Designed by William Burn and erected 1821–23, this is a tall and prominent commemorative monument to Henry Dundas, First Viscount Melville (1742–1811). Located in the centre of St Andrews Square, Edinburgh, it is in the form of a fluted Doric column, over 150 foot tall, surmounted by a statue of Dundas designed by Francis Chantrey and carved by Robert Forrest (added to the column in 1827).
The monument is built from polished Culallo sandstone. Partly modelled on Trajan's Column in Rome, the column stands on a cubic pedestal with eagles at each corner. The column has a laurel wreath base and an egg and dart torus at the capital. It contains an internal spiral stair with a doorway on the west side of the pedestal.
Above the column, there is a circular drum pedestal which supports a 15-foot-tall statue of Henry Dundas, carved by Robert Forrest. It depicts him standing in the robes of a peer, left hand to chest, and facing west along George Street.
A low boundary wall of saddleback ashlar footings with metal railings encloses the square with canted corners. The railings are by architect, Leslie Grahame Thomson and were installed in 1947 to replace earlier railings.
Henry Dundas died in 1811 after a career at the apex of Scottish and British politics. In 1817, A committee was set up to raise funds and oversee the building of a new national monument to his memory. The process was not straightforward and involved negotiations over issues such as site, cost, and style of monument. Calton Hill, the top of Leith Walk, and Melville Street in the West End were among the locations debated before the final selection of St Andrews Square and the approval of William Burn's design by the Dean of Guild in 1821 (Godard Desmarest 2018).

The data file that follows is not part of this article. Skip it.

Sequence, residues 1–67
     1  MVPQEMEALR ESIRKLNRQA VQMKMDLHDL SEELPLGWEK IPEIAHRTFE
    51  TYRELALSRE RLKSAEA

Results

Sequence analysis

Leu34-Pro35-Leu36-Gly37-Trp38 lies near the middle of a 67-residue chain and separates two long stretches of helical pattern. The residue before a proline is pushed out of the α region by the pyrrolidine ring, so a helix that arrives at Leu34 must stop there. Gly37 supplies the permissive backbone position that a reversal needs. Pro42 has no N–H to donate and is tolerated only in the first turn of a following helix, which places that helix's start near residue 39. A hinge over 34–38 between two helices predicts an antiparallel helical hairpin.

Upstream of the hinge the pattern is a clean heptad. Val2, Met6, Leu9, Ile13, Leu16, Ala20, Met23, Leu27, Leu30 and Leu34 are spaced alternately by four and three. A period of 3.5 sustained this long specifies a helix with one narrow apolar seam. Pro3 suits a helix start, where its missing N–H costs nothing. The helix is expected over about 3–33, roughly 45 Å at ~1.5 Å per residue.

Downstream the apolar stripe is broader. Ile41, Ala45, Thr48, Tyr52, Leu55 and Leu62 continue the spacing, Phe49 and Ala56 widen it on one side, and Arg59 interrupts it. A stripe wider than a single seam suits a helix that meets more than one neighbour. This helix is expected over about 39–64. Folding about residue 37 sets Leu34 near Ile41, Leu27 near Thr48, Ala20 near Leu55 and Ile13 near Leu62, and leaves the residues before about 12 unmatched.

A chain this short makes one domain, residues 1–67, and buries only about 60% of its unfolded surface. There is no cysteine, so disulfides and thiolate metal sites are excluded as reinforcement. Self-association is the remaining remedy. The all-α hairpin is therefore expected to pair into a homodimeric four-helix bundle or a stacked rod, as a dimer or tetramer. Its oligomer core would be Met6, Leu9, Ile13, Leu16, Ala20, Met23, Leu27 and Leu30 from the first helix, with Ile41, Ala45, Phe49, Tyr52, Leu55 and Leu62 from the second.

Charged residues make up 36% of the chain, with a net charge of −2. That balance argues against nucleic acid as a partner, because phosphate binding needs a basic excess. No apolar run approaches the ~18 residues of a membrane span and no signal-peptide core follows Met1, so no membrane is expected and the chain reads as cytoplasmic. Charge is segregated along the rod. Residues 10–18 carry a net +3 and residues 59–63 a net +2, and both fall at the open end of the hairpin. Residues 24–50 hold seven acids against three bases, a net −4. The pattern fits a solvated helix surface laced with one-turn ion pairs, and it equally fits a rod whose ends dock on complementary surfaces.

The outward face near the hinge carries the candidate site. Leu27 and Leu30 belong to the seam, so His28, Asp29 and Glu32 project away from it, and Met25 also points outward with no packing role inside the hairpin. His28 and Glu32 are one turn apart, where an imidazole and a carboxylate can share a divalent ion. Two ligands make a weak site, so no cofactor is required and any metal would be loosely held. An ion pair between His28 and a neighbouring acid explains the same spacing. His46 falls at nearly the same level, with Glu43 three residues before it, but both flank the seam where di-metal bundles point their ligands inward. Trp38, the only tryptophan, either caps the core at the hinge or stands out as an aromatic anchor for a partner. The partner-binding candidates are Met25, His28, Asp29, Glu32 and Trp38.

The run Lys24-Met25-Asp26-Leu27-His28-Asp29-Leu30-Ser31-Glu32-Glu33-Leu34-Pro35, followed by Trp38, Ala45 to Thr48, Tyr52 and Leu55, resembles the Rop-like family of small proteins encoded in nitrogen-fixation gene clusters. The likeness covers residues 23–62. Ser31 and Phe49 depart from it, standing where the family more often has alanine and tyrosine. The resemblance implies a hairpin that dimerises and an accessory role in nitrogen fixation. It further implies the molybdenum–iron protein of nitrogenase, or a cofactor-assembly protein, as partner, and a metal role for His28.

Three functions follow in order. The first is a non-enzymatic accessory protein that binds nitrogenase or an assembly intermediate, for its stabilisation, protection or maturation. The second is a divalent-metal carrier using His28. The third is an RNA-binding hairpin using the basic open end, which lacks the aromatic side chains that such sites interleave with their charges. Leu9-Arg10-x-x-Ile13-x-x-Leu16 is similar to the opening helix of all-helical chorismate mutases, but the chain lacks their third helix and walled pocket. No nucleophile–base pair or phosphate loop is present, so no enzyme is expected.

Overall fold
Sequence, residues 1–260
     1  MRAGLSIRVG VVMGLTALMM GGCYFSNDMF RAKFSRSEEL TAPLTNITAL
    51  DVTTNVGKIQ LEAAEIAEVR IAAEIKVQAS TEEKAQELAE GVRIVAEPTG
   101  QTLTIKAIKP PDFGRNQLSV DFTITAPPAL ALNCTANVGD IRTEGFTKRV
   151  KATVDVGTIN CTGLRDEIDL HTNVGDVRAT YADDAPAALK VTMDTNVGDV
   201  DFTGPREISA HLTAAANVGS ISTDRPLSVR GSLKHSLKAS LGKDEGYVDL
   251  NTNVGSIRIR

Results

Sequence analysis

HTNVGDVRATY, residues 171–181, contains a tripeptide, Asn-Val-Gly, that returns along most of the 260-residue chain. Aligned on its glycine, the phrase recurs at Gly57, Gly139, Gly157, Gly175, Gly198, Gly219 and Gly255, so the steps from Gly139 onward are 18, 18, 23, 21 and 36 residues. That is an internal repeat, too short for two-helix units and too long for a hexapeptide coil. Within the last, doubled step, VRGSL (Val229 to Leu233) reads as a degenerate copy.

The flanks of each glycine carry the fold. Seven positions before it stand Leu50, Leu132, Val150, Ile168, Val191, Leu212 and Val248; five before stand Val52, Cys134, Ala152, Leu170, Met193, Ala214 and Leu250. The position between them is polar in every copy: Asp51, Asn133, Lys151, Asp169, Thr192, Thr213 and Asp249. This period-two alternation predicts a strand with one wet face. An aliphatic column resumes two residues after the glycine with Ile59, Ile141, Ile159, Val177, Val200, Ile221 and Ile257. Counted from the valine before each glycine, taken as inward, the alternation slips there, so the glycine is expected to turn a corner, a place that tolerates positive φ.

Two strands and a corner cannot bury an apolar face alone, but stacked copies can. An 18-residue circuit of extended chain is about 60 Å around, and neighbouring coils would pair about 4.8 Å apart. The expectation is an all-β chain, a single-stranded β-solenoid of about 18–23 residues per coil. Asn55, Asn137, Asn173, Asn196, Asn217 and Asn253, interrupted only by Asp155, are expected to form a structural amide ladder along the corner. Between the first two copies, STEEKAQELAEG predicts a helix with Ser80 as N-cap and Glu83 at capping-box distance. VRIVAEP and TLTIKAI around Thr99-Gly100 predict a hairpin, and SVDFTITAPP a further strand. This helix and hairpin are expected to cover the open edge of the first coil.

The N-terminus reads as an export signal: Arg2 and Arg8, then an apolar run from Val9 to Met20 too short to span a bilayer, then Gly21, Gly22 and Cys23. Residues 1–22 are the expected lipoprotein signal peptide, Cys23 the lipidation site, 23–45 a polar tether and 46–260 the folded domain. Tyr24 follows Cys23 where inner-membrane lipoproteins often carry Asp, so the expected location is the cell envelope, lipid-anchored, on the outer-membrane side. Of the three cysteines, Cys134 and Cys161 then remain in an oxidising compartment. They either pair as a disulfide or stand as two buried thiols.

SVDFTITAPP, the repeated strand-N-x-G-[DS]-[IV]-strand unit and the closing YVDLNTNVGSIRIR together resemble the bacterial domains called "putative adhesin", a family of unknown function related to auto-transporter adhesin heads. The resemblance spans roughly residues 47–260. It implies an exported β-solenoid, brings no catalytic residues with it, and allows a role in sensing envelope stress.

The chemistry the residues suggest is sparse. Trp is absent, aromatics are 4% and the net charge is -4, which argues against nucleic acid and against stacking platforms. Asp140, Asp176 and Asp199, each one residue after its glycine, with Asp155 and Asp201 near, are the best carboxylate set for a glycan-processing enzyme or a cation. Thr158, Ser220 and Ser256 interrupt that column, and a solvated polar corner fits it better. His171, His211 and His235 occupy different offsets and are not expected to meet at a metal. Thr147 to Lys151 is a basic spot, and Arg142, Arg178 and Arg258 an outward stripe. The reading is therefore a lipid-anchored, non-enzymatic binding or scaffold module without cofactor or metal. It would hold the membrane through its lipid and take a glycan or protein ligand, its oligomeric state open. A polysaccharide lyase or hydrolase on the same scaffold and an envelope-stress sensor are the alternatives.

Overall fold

Due to Dundas' naval connections, the monument was funded through the Royal Navy by voluntary contribution from officers, petty officers, seamen and marines. Work on the column took place from 1821–23 and was carried out by William Armstrong from Edinburgh with Robert Stevenson as consulting engineer. Stevenson finalised the foundations and column dimensions. He superintended the build, with the column erected using the iron-balance crane pioneered for the Bell Rock Lighthouse in Angus (LB45197) (Paxton and Shipway 2007 www.canmore.org.uk).
The statue of Dundas was added to the column in 1827. Designed by English sculptor, Francis Chantrey (1781–1841) it resembles his earlier marble statue of Dundas (installed 1818 in Edinburgh's Parliament House). The carving was executed by Robert Forrest, a stone mason and sculptor from Carluke in South Lanarkshire (1790–1852). The completed Melville Monument was drawn by Thomas H. Shepherd to feature in the 1829 volume, 'Modern Athens, Displayed in a Series of Views'.